Secrets of the soil
Have you ever wondered why the plants you just stuck in the ground in your backyard don’t seem to flourish?
The ground we start with often had its fertile topsoil removed by bulldozers when our houses were built. The topsoil contained the worms and microbial life essential to healthy soil.
Whatever you are growing, healthy soil is the cornerstone. Not only will whatever you planted grow stronger and look better, but it will also be less prone to pest issues. It’s our job as gardeners to get the soil back to its healthy natural state. To do this, it helps to understand the soil’s texture.
Soil is a mixture of broken-down rocks, living organisms, organic materials (dead plants and animals), and mineral particles.
There are three main components of soil: sand, clay, and silt. These components are usually found in different proportions in different locations.
The mix of these components will affect how the water drains, how well the soil holds nutrients, how much oxygen roots get, and how quickly soil erodes.
Too much sand in the soil means it will dry out quickly and won’t hold nutrients. On the other hand, the ground with a high clay content is great at holding moisture and nutrients, but its poor drainage may lead to your plants getting fungal diseases. Silt combines the best qualities of sand and clay.
Your ideal soil is called loam, and this contains the perfect balance of sand, clay, and silt. With loam, plants don’t have to use so much energy to get through the soil.
How to figure out your soil’s structure?
No pricey lab tests are required. All you need is a basic 1-quart (liter) jar and a little bit of patience. Knowing your soil’s structure is essential as it helps you determine what soil amendments to make and ultimately how much water and fertilizer your plants will require.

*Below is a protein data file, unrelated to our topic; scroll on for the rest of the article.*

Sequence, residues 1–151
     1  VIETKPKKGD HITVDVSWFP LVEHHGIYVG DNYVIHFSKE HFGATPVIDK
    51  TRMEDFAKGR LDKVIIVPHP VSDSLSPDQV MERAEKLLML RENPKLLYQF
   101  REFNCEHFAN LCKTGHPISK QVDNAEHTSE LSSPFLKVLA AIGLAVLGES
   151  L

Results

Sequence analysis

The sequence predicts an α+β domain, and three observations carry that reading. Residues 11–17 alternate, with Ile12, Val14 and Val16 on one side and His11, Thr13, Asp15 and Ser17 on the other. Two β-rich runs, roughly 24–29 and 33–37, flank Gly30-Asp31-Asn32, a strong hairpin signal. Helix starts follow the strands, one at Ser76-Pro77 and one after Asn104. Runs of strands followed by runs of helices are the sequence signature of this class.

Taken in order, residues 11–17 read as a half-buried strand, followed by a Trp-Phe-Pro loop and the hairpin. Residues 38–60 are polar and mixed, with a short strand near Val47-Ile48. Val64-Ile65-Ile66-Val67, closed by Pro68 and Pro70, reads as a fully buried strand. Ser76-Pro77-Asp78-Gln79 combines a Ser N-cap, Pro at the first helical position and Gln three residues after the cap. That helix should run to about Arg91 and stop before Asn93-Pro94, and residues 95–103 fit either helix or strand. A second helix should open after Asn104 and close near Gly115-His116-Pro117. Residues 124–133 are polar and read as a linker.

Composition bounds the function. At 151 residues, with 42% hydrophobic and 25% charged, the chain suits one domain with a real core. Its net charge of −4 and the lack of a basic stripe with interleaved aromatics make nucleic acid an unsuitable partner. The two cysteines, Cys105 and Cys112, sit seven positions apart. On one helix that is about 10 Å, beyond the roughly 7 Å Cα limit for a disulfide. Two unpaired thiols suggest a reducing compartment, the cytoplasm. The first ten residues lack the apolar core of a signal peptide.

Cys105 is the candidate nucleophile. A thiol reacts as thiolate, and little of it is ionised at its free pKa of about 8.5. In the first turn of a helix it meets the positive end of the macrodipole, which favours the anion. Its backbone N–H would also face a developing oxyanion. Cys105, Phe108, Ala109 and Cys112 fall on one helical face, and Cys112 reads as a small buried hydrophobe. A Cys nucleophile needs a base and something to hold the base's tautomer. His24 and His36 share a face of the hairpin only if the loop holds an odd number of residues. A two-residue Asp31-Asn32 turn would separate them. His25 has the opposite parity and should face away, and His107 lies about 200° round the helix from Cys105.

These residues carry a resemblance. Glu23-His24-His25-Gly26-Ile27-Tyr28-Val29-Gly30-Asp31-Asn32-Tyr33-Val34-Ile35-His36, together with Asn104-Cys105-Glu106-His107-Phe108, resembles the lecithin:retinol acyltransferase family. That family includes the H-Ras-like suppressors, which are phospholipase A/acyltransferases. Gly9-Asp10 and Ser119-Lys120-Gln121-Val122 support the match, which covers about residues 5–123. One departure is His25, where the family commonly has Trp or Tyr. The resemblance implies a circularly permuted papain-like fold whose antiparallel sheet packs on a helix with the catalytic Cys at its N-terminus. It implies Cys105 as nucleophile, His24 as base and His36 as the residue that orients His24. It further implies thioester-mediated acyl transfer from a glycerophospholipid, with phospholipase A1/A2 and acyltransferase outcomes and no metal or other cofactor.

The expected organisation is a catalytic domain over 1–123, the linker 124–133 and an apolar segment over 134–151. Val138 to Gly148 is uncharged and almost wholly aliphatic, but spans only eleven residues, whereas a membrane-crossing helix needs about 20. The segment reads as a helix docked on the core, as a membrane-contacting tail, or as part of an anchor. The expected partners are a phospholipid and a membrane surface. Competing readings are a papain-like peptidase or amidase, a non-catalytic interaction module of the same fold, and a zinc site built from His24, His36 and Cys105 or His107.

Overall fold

Here’s how you do it:
Step 1: Fill half of your clear jar with soil. The soil sample should be taken from at least 6-inches deep (15 cm). Before adding the ground to the jar, use a sieve or kitchen strainer to remove any larger rocks or other organic matter.
If you have a big garden, consider doing the soil test in different sections of your garden.
Step 2: Fill it up with water until it’s ¾ full. Now, add a teaspoon of liquid dish soap and close the jar tightly.
Step 3: Shake the jar vigorously until the mixture becomes a uniform slurry and set it down on a flat surface to rest for about a minute.
Step 4: You will see a coarse sand layer will have settled at the bottom. Mark this layer on the outside of the jar.
Step 5: Leave the jar for a further 2 hours until the next layer has settled. Mark this silt layer with the marker and leave the jar again on a level surface.
Step 6: After 48 hours, you can mark the final layer with a marker. This will be the clay layer that’s settled on top of the silt.
Step 7: Measure the height of each layer with a ruler as well as the three layers’ total height.
Deciphering your results:
Using the results from step 7, calculate the percentages of sand, silt and clay using the following formula for each component: For example:
% Sand: (height of sand layer) / (total height of all the layers)
Next, plot your results on the soil texture triangle below. You’ll find the type of soil you have by seeing where the lines cross. For example, if your results are 20% clay, 40% silt and 40% sand. Then, congratulations, you have loam!